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Perez v. Home Depot U.S.A., Inc.

United States District Court, E.D. Texas, Sherman Division

December 18, 2019

YOLANDA PEREZ, Plaintiff,
v.
HOME DEPOT U.S.A., INC., and COREY BRUNNERT, Defendants.

          JOHNSON, JUDGE.

          MEMORANDUM ADOPTING REPORT AND RECOMMENDATION OF UNITED STATES MAGISTRATE JUDGE

          SEAN D.JORDAN, UNITED STATES DISTRICT JUDGE

         Came on for consideration the report of the United States Magistrate Judge in this action, this matter having been heretofore referred to the Magistrate Judge pursuant to 28 U.S.C. § 636. On November 12, 2019, the Magistrate Judge entered proposed findings of fact and recommendation (the “Report”) (Dkt. #28) that Plaintiff Yolanda Perez's (“Plaintiff”) Motion to Remand (Dkt. #8) be granted. Defendant Home Depot U.S.A, Inc. (“Home Depot”) filed objections to the Report (the “Objections”) (Dkt. #29), and Plaintiff filed a response to the Objections (the “Response”) (Dkt. #31). The Court has made a de novo review of the Objections and Response and is of the opinion that the findings and conclusions of the Magistrate Judge are correct, and the Objections are without merit as to the ultimate findings of the Magistrate Judge. The Court hereby adopts the findings and conclusions of the Magistrate Judge as the findings and conclusions of the Court.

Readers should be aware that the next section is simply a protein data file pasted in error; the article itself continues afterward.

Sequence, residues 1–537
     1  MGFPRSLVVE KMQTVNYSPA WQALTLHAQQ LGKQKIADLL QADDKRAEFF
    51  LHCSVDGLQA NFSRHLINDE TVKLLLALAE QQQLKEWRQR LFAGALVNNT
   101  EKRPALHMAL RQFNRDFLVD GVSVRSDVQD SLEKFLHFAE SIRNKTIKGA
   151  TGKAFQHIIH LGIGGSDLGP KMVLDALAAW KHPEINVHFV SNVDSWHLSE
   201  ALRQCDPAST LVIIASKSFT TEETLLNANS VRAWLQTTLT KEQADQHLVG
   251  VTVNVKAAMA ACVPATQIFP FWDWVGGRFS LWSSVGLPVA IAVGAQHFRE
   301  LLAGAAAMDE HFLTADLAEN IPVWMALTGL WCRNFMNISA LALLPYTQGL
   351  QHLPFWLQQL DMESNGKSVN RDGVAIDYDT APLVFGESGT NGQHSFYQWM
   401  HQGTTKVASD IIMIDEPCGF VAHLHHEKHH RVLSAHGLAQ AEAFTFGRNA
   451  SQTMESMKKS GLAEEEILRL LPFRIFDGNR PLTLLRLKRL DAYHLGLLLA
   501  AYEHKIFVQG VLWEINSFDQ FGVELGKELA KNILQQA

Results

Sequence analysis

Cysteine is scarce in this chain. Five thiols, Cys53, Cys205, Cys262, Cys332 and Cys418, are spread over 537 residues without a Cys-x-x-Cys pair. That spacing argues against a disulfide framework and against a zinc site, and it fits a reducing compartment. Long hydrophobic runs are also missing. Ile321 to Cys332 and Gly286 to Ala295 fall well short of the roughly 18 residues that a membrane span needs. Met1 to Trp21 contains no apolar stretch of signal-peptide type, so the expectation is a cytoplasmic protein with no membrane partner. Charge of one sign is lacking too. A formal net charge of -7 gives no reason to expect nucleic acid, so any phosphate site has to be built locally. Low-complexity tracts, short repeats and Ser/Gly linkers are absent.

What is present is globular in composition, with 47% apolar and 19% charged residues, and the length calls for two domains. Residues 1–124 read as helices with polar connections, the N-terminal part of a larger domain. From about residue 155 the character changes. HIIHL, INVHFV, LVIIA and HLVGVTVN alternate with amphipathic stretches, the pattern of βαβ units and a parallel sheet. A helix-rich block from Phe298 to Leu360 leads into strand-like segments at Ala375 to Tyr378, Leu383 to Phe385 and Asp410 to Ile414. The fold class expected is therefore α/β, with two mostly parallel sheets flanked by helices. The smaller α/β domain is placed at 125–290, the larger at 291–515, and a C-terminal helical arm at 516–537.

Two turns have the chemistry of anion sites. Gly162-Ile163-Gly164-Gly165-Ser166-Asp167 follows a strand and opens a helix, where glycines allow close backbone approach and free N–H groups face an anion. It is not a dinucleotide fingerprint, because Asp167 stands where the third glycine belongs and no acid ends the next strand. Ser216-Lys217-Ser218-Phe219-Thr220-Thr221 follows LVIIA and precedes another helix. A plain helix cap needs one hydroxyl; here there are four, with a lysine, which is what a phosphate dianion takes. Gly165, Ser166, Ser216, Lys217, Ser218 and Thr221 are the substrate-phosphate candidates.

I. BACKGROUND

         This case arises out of a workplace injury suit filed in the 429th Judicial District Court of Collin County, Texas, Cause No. 429-01839-2019 (the “Petition”). (Dkt. #1). The Petition was filed on April 3, 2019, asserting a cause of action for negligence against Home Depot and Defendant Cory Brunnert (“Brunnert”). (Dkt. #2).

         Home Depot removed this action on May 8, 2019, asserting that Brunnert was improperly joined in the suit. (Dkt. #1). Plaintiff filed the instant Motion to Remand. (Dkt. #8). In the Report, the Magistrate Judge found that Brunnert was not improperly joined. See (Dkt. #28). Thus, the Magistrate Judge recommended this case be remanded to state court. See id.

         Home Depot objects to the Magistrate Judge's Report on the grounds that Plaintiff has not pled that Brunnert owed her an independent duty of care, making him an improperly joined party. See (Dkt. #29 at 2). Plaintiff argues she has pled enough to establish a possibility of recovery against Brunnert, and therefore, Home Depot has not met its burden to prove improper joinder. See (Dkt. #31 at 2).